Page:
Marijuana use in the United States has gone up as the public perception of the drug’s risk has gone down, and the potency of the drug has also increased, according to a new United Nations report.
The World Drug Report 2014, put out by the U.N. Office on Drugs and Crime, says that worldwide, the use of marijuana has decreased, “However, in the United States, the lower perceived risk of cannabis use has led to an increase in its use. At the same time, more people using cannabis are seeking treatment each year.”
It resulted in a 56 percent increase in U.S. cannabis-related emergency room visits between 2006 and 2010 and a 14 percent increase in admission to drug-treatment programs in the same period, the report said, citing U.S. government data without elaboration.
The report points to the trend toward decriminalization for the possession and use of marijuana in several U.S. states, but says it’s “too early to understand the impact of these changes.”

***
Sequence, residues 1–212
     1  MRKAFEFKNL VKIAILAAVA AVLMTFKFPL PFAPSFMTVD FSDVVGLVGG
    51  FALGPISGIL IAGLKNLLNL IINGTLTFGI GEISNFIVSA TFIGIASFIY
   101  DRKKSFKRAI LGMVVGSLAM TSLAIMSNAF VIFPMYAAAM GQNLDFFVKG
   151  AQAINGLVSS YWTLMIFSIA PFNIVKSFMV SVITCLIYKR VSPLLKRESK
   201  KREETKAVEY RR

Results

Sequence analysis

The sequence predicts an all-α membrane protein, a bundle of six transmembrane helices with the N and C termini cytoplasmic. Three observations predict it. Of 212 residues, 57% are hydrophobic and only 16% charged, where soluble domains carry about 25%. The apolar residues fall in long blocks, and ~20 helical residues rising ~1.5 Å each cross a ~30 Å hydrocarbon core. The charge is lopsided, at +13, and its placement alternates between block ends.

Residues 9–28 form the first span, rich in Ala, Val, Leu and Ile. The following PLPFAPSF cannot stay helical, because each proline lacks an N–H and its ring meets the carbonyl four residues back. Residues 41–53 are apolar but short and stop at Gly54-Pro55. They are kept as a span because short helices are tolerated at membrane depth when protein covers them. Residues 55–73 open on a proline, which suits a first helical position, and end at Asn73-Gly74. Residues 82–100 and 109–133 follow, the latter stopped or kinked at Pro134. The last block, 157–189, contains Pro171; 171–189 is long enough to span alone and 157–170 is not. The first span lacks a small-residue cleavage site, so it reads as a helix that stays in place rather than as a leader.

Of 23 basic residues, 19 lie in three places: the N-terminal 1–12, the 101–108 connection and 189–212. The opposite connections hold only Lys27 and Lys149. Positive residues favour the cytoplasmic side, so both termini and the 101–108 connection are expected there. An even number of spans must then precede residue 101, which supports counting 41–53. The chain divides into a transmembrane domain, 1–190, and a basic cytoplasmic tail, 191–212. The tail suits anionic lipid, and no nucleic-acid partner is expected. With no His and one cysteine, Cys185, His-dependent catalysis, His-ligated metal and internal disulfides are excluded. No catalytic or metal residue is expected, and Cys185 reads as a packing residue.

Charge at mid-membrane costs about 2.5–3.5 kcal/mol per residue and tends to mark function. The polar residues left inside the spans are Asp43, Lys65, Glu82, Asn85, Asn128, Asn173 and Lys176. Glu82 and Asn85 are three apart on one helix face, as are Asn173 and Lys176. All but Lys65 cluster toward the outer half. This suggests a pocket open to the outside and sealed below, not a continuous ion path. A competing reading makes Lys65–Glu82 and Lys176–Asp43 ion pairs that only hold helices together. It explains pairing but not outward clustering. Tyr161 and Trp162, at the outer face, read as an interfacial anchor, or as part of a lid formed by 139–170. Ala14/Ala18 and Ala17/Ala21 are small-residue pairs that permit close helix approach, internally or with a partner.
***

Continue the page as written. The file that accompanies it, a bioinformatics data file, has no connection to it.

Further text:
“It will take years of careful monitoring to understand the broader effects of those novel regulatory frameworks in order to inform future policy decisions,” the report says.
Opium poppy farming was up 26 percent between 2012 and 2013, it says.
The study also notes “an emerging phenomenon” among U.S. “opioid-dependent drug users.”
“[Synthetic] opioids are being replaced with heroin, driven by the increased availability of heroin in parts of the United States, and lesser costs to regular users to maintain their dependency,” it says. “Further, the reformulation of one of the main prescription pharmaceuticals abused, OxyContin, now makes it more difficult to snort or inject it.”